Commissioned to mark the centenary of the Abbey Theatre in Dublin in 2004, The Burial at Thebes is Seamus Heaney's new verse translation of Sophocles' great tragedy, Antigone - whose eponymous heroine is one of the most sharply individualized and compelling figures in Western drama. Faithful to the 'local row' and to the fierce specificity of the play's time and place, The Burial at Thebes honours the separate and irreconcilable claims of its opposed voices, as they enact the ancient but perennial conflict between family and state in a time of crisis, pitching the morality of private allegiance against that of public service. Above all, The Burial at Thebes honours the sovereign urgency and grandeur of the Antigone, in which language speaks truth to power, then and now.
Seamus Heaney was born in County Derry in Northern Ireland in 1939. Death of a Naturalist, his first collection of poems, appeared in 1966 and since then he has published poetry, criticism and translations - including Beowulf (1999) - which established him as one of the leading poets of his generation. In 1995 he was awarded the Nobel Prize in Literature. District and Circle (2006), his eleventh collection, was awarded the T. S. Eliot Prize. Stepping Stones, a book of interviews conducted by Dennis O'Driscoll, appeared in 2008. In 2009 he received the David Cohen Prize for Literature. His twelfth collection of poetry, Human Chain, was published in 2010.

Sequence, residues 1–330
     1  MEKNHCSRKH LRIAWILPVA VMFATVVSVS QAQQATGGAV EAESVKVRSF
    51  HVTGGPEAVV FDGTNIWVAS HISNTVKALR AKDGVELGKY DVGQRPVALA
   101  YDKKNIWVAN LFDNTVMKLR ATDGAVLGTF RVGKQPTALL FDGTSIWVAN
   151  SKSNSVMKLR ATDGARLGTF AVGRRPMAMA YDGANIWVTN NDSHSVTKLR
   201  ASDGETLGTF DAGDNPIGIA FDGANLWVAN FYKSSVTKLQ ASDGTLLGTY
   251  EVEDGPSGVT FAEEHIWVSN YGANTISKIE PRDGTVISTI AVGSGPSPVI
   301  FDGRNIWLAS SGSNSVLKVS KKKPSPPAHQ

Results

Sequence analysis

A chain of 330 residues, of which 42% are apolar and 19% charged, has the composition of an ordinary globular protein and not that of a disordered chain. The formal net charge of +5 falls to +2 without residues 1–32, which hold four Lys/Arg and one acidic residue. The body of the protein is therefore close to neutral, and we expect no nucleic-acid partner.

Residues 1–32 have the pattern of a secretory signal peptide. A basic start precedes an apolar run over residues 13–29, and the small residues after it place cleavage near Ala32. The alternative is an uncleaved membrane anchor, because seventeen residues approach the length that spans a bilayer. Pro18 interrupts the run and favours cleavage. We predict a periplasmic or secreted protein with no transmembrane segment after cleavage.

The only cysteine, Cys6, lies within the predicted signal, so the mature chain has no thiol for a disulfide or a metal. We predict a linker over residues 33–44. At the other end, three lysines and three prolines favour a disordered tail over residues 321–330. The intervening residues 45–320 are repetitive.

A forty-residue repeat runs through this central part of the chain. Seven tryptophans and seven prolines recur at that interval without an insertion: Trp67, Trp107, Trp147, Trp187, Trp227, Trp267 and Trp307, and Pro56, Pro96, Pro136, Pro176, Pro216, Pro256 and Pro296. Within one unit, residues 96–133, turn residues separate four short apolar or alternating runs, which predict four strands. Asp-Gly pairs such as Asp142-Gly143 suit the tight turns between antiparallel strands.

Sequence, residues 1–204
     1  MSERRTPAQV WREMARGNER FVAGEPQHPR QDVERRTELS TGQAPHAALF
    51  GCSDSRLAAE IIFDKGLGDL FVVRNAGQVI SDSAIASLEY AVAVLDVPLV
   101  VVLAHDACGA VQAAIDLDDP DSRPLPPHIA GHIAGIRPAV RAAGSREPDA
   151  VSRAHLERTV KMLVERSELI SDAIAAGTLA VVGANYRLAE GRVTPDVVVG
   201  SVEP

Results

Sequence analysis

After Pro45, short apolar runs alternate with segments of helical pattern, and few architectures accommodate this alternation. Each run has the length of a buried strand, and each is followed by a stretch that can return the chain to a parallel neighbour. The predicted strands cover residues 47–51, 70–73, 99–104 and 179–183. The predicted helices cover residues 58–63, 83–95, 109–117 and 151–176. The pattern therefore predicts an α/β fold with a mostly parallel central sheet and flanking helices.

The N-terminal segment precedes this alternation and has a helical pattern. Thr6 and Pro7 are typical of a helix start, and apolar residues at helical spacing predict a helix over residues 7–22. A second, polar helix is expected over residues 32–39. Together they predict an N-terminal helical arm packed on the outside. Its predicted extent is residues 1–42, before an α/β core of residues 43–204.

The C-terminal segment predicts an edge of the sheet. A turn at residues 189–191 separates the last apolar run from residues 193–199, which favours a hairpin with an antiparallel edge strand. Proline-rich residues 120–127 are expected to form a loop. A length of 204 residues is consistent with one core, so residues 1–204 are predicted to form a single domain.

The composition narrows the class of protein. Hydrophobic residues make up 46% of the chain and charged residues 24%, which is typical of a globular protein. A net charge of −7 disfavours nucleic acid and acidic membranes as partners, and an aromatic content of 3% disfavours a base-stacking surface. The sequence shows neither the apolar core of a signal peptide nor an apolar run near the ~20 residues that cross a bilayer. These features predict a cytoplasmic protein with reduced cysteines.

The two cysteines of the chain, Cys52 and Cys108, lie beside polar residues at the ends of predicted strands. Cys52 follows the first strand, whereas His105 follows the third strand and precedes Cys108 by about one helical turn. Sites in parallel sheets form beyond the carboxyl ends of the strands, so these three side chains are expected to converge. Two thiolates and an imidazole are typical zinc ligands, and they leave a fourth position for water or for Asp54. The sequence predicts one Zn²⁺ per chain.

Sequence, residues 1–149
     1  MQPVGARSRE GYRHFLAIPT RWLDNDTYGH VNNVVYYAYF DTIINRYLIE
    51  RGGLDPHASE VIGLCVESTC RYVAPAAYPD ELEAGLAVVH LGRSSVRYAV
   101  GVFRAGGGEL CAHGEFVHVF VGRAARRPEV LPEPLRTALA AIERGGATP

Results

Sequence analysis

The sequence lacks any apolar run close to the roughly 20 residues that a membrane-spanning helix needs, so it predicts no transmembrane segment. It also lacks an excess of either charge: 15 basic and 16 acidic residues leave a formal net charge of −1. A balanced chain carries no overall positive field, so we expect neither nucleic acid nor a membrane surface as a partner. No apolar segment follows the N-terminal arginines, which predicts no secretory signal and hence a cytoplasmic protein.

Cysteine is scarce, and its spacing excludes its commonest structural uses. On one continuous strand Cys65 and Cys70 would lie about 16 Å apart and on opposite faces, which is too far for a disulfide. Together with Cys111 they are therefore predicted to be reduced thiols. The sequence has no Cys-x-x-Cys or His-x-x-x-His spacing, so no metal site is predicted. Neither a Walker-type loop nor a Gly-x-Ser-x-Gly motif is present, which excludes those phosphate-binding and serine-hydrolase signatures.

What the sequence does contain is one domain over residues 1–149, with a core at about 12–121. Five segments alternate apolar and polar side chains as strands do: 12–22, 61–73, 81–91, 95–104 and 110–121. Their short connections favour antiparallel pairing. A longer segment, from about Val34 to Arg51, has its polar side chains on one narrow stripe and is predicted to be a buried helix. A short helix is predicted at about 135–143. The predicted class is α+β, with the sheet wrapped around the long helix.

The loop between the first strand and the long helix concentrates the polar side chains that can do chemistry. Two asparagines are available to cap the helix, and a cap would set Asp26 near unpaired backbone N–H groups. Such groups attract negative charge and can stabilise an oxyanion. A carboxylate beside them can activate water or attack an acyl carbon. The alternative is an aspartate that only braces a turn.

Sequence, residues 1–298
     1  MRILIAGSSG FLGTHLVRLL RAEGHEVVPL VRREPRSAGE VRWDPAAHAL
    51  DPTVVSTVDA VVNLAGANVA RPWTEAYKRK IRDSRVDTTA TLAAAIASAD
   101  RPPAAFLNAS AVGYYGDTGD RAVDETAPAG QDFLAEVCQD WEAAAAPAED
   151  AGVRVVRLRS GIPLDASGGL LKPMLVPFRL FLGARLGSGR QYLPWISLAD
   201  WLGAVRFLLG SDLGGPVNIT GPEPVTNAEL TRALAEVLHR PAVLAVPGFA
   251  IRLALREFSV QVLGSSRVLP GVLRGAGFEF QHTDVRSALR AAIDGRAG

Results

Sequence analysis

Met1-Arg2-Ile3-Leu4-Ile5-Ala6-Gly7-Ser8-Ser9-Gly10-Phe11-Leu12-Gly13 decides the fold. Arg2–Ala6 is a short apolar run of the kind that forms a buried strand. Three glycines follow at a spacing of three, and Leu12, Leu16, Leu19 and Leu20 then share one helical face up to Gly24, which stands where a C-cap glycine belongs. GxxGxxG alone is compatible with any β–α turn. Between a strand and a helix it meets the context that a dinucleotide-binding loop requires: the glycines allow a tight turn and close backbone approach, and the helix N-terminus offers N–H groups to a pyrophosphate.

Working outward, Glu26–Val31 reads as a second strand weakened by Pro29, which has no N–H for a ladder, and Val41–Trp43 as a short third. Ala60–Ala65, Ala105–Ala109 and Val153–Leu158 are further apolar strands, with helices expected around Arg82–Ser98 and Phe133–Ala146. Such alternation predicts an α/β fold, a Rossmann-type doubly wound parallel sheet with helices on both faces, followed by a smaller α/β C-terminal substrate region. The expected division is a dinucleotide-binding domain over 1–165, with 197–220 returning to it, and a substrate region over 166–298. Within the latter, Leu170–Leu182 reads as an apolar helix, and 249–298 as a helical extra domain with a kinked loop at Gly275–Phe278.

Seamus Heaney died in Dublin on August 30th, 2013